Google is getting serious about its video offering on YouTube, striking deals with partners and investing in its own content. Cats on pianos are so last year – the push is now on content with which serious brands might want to be associated. But if YouTube is to be taken seriously as an ad medium, it knows the problem of fake views needs to be addressed.
There are myriad ways to increase viewing numbers on YouTube videos. Some are fair enough – such as seeding videos on blogs with millions of followers – while others are less so, including using bots to achieve clicks.
Now, Google has pledged to periodically review the number of views that videos receive, "removing fraudulent views as new evidence comes to light". According to the software engineer Philipp Pfeiffenberger, this is likely to affect only a "miniscule fraction" of videos on YouTube.
But it is not just the pop music industry and content creators that try to game the system by inflating viewing numbers through dubious methods to drive more ad revenue. Brands have also been accused of resorting to exotic methods to inflate their YouTube views as they seek to boost the virality of their campaigns.
Robin Grant, the global managing director of We Are Social, says there truly is a seedy side to the seeding industry, with some agencies using underhand ways to boost viewing figures.
"The clampdown is a good thing. YouTube has turned a blind eye to it for too long," he says. "Marketers take the easy route to views by paying the seeding agencies to make their videos viral. They should realise that there is no shortcut to viral success other than creativity."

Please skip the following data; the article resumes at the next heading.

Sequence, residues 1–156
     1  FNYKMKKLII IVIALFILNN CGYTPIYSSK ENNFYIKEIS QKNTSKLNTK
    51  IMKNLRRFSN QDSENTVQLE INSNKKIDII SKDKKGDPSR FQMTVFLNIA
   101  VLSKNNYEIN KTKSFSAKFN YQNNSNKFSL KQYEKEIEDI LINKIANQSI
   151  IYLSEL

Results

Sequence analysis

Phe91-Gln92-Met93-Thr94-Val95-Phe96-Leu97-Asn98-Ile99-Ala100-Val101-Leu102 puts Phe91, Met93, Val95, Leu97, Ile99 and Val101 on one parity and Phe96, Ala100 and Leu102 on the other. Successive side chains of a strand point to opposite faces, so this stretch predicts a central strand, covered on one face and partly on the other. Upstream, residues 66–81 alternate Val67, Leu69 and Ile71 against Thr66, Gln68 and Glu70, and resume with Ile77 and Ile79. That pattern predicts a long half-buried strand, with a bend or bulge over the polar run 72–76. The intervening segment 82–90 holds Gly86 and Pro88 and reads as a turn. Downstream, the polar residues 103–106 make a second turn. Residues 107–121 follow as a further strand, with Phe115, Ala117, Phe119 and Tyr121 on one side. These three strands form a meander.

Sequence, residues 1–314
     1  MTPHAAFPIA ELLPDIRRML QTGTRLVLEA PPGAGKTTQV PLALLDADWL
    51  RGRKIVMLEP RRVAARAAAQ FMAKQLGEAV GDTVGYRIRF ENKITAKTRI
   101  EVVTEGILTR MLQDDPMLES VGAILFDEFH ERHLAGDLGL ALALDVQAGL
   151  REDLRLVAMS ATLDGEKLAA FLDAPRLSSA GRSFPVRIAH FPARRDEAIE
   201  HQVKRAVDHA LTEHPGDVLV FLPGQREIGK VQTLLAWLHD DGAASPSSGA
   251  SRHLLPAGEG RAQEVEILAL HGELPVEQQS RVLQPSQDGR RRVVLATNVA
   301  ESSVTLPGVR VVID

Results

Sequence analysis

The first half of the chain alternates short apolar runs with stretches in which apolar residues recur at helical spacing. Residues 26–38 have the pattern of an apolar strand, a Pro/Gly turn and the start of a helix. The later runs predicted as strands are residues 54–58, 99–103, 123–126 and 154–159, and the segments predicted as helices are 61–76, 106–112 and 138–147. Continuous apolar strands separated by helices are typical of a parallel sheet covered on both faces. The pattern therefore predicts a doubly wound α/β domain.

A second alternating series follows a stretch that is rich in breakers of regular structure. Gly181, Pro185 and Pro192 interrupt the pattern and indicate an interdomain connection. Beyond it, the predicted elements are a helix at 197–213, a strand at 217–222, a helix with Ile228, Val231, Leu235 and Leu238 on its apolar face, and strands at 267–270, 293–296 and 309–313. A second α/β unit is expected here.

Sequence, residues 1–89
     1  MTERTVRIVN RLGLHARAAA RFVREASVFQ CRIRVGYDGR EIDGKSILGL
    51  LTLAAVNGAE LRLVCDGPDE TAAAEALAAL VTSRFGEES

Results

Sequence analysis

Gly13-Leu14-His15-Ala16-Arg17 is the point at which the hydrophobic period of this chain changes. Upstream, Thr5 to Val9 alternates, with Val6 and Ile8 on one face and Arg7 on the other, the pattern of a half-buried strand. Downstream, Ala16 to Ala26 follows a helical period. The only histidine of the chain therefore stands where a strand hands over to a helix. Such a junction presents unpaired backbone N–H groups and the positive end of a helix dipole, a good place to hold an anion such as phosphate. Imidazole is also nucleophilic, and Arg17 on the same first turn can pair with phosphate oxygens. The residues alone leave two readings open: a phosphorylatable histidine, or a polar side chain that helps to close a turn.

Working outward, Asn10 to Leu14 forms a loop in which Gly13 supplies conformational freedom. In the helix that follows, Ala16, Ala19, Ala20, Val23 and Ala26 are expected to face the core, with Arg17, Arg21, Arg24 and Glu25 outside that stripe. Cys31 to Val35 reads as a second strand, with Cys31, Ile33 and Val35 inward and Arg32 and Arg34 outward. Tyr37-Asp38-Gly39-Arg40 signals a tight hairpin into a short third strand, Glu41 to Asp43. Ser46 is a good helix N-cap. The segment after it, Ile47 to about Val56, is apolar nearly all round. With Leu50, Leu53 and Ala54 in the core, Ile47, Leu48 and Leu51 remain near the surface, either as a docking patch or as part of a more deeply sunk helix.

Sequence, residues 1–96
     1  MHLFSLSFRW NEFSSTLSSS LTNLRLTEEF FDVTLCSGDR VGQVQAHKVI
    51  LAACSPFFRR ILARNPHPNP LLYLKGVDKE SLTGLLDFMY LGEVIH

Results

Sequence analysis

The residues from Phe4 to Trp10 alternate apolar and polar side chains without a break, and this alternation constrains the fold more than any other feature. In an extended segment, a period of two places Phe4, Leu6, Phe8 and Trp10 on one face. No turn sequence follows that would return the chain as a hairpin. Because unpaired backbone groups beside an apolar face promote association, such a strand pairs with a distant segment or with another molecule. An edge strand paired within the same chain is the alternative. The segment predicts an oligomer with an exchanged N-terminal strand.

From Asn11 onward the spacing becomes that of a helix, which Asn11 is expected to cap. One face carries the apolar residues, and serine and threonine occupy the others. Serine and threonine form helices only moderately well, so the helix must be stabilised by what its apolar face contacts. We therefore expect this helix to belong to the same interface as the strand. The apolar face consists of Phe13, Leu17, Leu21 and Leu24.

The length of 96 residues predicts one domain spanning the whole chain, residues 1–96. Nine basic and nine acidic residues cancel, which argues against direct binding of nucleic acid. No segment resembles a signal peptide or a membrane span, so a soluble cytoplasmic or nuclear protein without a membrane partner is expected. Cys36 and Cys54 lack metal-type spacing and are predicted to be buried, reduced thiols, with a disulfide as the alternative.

If Google’s clampdown means brands register fewer views on their ads, they will be forced to work more closely with the video platform.
Unruly, which claims it gets videos "tracked, watched and shared for top brands" through a global platform for social video marketing, has created a document called the "social video code of conduct". Authored with the Internet Advertising Bureau, it aims to "ensure transparency in the category".
Unruly’s co-founder and chief operating officer, Sarah Wood, says: "For paid media, we would always advise brands, whether they’re working with us or other video-distribution platforms, to use third-party tracking on video campaigns so they can be confident about view validity, brand safety and audience verification."
And it’s not just YouTube. Ian Edwards, the head of strategy at Vizeum UK, points to Facebook farms that boost "likes" as another worrying example of the fakery that is undermining the web as an advertising platform. He adds that agencies often advise clients to invest 8 per cent of their TV budget in video on demand, in line with estimates of the share of commercial impacts made by VoD. But clients are wise to be cautious.
"The horror stories are becoming more widespread," Edwards warns. He adds that he has heard about mobile marketing initiatives, where clients use networks to launch apps and pay for each download, that are being abused by people being incentivised to simply download the app – but do not go on to use it.
It seems ironic that social media, which advocates have long celebrated as forcing transparency, can equally fall victim to fraud and opacity.